The terrorist attacks in Brussels this morning were indeed terrifying. Sights and sounds of people wounded and buildings shattered are horrifying and since we see them collectively and repeatedly as TV networks rerun details as they unfold and analyses of how and why they happened they seem to fill the communal consciousness. People great each other saying, “Did you hear about it?”
It feels to me as if it as is certainly appropriate to feel saddened. Families waiting for a normal day to unfold have been bereaved of a loved one. Families rushing to bedsides of wounded relatives are traumatized. People near the attacks who were not wounded are likely in shock. All of us around the world watching the coverage on TV are surely shaken both by the pain of seeing other people in pain perhaps also by the thought, “That could happen anywhere. It could happen to me.” It could, but it is not likely. We can certainly feel compassion but we do not need to feel frightened. For the most part, people travel all over the world every day in monumental numbers and do it safely. And people survive accidents and illnesses. Our bodies are vulnerable even without doing an activity that might be considered dangerous. The only part of us that can be invulnerable is our capacity for benevolence.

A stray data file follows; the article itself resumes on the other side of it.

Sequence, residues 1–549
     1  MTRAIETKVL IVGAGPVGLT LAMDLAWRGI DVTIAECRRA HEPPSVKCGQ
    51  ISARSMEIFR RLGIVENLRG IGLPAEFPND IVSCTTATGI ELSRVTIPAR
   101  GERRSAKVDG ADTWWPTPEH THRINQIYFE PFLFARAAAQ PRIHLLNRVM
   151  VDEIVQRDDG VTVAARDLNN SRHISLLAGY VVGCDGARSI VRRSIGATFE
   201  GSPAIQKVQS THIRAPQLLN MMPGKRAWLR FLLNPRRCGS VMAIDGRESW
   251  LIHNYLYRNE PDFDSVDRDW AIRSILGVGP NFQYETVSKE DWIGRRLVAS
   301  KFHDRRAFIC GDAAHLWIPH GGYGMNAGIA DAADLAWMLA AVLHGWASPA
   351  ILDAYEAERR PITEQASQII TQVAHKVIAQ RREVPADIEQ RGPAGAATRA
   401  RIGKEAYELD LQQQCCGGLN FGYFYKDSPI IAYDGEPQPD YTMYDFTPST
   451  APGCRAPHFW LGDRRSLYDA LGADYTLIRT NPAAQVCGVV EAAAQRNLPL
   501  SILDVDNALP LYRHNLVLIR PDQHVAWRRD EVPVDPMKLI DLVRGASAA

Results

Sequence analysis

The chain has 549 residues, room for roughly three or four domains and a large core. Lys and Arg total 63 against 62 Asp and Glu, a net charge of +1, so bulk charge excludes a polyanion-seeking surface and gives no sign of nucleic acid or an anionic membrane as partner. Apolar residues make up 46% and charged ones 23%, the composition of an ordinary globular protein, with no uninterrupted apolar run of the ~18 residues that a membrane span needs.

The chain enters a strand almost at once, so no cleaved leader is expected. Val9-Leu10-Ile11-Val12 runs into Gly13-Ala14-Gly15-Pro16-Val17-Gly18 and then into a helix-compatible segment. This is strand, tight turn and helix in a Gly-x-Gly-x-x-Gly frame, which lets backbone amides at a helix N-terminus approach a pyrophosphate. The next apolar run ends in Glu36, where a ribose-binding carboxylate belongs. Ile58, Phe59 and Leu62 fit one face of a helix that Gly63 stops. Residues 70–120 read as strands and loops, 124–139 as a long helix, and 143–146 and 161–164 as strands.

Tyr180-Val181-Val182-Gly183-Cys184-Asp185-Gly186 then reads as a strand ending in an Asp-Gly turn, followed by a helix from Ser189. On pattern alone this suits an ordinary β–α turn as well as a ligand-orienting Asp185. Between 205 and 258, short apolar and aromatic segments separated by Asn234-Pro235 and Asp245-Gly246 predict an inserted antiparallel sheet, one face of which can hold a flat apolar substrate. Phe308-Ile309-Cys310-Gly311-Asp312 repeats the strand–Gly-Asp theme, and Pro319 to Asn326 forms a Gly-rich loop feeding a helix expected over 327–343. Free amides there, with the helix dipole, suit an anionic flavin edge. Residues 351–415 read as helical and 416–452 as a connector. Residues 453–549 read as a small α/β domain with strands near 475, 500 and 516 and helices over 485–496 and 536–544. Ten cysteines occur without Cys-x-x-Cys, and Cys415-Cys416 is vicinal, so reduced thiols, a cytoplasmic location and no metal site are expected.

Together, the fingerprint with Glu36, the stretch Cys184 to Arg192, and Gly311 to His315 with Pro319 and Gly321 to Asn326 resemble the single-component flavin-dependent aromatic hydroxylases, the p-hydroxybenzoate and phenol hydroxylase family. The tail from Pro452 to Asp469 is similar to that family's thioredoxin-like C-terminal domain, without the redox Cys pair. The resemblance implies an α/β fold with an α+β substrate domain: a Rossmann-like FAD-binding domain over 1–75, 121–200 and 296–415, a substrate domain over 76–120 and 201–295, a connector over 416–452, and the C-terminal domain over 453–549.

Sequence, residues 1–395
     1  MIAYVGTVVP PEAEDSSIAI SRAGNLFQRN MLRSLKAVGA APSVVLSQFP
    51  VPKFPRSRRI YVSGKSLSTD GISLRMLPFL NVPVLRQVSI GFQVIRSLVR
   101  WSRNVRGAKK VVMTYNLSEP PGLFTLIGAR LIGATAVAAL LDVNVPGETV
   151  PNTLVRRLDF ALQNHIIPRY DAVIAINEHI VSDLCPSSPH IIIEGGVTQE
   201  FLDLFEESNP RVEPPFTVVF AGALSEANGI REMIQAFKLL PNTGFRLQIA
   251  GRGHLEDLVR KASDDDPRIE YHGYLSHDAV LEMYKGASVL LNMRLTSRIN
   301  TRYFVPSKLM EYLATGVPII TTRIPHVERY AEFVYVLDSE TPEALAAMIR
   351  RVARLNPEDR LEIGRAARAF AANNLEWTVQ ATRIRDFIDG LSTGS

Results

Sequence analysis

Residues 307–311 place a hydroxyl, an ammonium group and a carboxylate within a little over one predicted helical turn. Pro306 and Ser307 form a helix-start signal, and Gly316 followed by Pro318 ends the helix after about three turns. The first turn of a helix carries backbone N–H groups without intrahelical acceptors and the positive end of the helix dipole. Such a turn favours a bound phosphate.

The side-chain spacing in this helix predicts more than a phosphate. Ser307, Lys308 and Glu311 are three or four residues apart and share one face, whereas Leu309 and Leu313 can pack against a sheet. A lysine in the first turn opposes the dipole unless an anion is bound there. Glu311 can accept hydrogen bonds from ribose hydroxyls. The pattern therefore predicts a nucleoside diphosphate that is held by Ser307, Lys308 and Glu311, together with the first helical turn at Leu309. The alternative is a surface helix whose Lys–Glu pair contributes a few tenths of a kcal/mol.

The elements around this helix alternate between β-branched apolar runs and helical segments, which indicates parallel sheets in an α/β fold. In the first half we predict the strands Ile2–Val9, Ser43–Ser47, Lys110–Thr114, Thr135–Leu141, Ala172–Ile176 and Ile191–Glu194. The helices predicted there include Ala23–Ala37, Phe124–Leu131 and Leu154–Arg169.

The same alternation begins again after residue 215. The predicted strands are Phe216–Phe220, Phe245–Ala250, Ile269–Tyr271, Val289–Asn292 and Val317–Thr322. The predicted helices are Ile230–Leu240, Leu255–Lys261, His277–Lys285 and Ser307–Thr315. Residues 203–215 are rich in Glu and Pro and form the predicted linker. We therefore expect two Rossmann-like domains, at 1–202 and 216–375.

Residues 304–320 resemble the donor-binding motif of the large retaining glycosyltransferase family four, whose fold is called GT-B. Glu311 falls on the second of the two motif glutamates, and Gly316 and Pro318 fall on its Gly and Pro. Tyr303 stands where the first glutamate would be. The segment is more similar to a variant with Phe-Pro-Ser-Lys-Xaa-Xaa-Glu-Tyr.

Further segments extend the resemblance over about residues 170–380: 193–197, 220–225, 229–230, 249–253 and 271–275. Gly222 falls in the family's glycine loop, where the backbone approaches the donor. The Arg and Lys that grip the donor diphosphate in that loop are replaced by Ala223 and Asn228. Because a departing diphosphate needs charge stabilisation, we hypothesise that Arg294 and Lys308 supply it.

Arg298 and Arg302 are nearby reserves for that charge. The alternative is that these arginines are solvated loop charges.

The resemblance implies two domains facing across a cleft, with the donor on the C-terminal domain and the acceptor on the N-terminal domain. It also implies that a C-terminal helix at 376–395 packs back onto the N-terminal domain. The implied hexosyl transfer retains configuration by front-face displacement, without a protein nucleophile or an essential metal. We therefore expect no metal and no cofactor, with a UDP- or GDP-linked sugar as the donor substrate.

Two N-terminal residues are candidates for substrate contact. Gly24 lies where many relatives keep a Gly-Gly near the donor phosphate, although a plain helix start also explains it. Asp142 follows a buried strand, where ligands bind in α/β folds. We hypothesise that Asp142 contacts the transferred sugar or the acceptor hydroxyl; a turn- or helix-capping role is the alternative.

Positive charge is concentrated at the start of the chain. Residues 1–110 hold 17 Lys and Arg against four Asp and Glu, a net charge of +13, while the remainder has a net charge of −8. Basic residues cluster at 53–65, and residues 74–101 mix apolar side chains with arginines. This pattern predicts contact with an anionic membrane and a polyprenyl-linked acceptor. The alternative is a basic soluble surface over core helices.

What seems most important to me is to hold today’s events with as much compassion as possible. I feel compassion for the people directly impacted by the attacks, but also for everyone (including me) who feels saddened. I also feel sad for the mothers and fathers of suicide bombers everywhere who will not see their child again.
I don’t know how to finish the sentences, “Life is…” or, “People are…” Life happens, all the time, and events have consequences whether they are volitional or natural. Earthquakes and tsunamis often have catastrophic outcomes leaving bereaved survivors. Shootings in school yards or post offices or movie theaters also leave bereaved survivors. Life is everything. People are complicated, and sometimes capable of planning and doing terrible things. Others, most of us I believe, are moved to console and to care.